Let P be any point on the rotating body with C as the contact point .

##\vec{a}_{P} = \vec{a}_{P,COM} + \vec{a}_{COM}##

Acceleration of COM is given by

##\vec{a}_{COM} = \frac{\vec{F}_{net}}{M}##

Acceleration of the point P with respect to COM is

##\vec{a}_{P,COM} = \vec{a}_{tangential} + \vec{a}_{radial} ##

where ##\vec{a}_{tangential} = \alpha R##

So, ##\vec{a}_{P} = \vec{a}_{tangential} + \vec{a}_{radial} + \vec{a}_{COM}##

If the body is rolling without slipping ,then for the contact point C , ## \vec{a}_{tangential} = -\vec{a}_{COM}##

So the total acceleration of point C is given by ##\vec{a}_{C} = \vec{a}_{radial}##

Hope that helps
Thank you Tanya, its crystal clear and lucid now. Thanks a lot

## 1. What is an inclined plane in rotational motion?

An inclined plane in rotational motion is an object or surface that is tilted at an angle relative to the horizontal plane, and experiences circular motion around a fixed point or axis.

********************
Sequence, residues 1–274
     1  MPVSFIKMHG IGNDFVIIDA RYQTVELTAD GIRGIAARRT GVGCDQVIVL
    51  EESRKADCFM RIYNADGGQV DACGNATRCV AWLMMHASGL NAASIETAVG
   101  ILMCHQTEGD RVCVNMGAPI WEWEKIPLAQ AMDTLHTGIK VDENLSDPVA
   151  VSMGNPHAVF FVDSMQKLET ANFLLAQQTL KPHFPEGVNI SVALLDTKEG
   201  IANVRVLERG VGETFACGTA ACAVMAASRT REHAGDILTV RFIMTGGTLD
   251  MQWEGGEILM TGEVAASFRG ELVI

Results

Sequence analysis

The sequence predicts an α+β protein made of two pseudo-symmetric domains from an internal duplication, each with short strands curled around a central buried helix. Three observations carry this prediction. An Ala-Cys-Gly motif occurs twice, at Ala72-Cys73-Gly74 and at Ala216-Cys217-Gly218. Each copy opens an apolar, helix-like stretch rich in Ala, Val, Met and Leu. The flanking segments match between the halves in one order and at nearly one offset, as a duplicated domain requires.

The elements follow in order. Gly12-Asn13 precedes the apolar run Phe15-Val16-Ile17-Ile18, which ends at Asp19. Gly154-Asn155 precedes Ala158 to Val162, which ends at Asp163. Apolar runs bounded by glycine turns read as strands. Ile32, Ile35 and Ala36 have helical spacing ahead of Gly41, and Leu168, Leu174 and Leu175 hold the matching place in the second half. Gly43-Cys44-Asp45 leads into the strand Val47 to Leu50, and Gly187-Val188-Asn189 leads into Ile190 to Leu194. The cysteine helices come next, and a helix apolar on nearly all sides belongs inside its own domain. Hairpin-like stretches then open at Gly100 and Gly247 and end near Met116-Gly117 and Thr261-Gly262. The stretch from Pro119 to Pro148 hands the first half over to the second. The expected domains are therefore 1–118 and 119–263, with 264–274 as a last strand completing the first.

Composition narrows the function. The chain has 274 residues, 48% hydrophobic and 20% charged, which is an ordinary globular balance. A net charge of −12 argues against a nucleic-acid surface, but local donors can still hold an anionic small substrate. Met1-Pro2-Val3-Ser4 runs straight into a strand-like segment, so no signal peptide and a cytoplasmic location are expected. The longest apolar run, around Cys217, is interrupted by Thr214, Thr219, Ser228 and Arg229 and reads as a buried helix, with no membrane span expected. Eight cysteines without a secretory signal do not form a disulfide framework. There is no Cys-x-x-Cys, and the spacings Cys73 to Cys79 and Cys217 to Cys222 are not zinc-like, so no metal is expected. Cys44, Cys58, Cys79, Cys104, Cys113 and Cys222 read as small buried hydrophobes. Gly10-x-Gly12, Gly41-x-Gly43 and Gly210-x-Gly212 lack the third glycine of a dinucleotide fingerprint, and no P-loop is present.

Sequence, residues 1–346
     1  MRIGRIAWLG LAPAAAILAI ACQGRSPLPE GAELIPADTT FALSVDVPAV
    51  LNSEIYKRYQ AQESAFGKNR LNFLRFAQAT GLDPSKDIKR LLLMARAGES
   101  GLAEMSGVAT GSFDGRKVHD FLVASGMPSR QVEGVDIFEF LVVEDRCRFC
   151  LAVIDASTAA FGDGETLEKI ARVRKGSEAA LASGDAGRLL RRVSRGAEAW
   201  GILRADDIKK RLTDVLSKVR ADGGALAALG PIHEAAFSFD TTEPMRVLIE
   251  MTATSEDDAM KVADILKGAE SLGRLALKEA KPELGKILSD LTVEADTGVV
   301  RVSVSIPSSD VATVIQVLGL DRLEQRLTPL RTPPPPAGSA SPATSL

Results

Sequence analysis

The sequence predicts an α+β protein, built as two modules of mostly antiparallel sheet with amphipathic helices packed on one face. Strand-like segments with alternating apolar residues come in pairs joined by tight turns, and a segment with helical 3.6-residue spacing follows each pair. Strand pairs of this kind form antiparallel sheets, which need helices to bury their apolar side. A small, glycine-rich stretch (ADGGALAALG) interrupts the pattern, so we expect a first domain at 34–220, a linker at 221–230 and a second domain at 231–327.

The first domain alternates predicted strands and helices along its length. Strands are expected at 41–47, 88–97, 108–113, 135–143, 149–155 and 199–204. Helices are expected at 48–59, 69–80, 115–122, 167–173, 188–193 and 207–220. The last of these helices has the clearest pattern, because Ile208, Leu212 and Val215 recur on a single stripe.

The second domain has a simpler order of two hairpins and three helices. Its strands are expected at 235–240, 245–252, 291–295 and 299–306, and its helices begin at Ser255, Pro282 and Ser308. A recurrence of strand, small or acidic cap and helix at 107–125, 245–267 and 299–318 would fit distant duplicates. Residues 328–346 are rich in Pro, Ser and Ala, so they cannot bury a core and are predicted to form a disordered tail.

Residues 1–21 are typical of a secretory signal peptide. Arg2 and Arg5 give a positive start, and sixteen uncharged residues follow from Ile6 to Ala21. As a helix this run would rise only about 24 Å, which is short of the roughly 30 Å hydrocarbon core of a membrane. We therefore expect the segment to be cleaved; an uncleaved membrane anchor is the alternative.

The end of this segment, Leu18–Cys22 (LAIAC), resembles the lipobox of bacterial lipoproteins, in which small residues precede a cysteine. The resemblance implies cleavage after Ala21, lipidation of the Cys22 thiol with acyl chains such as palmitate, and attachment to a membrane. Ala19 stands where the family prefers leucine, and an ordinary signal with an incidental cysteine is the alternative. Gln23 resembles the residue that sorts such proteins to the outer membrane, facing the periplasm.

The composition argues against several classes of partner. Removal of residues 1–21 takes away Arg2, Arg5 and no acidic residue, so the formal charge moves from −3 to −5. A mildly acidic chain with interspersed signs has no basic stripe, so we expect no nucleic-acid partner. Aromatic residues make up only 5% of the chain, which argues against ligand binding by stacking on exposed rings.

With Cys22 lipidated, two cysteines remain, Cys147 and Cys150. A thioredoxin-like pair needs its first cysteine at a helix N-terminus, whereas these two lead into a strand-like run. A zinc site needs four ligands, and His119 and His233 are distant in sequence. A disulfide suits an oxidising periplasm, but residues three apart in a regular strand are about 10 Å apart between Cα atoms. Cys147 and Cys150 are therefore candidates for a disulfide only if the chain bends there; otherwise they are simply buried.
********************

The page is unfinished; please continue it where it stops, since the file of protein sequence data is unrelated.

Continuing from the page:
## 2. What factors affect the rotational motion of an inclined plane?

The rotational motion of an inclined plane is affected by several factors, including the angle of incline, the mass and distribution of mass of the object, and the forces acting upon it, such as gravity and friction.

## 3. How is the acceleration of an object on an inclined plane calculated?

The acceleration of an object on an inclined plane can be calculated using the formula a = gsinθ, where a is the acceleration, g is the acceleration due to gravity, and θ is the angle of incline.

## 4. What is the difference between linear motion and rotational motion on an inclined plane?

Linear motion on an inclined plane refers to the movement of an object along the plane, while rotational motion refers to the circular motion around a fixed point or axis on the inclined plane.

## 5. How does friction affect the rotational motion of an object on an inclined plane?

Friction can act as a resistive force on an object in rotational motion on an inclined plane, causing it to slow down and eventually come to a stop. The angle of incline and the type of surface also play a role in determining the amount of friction present.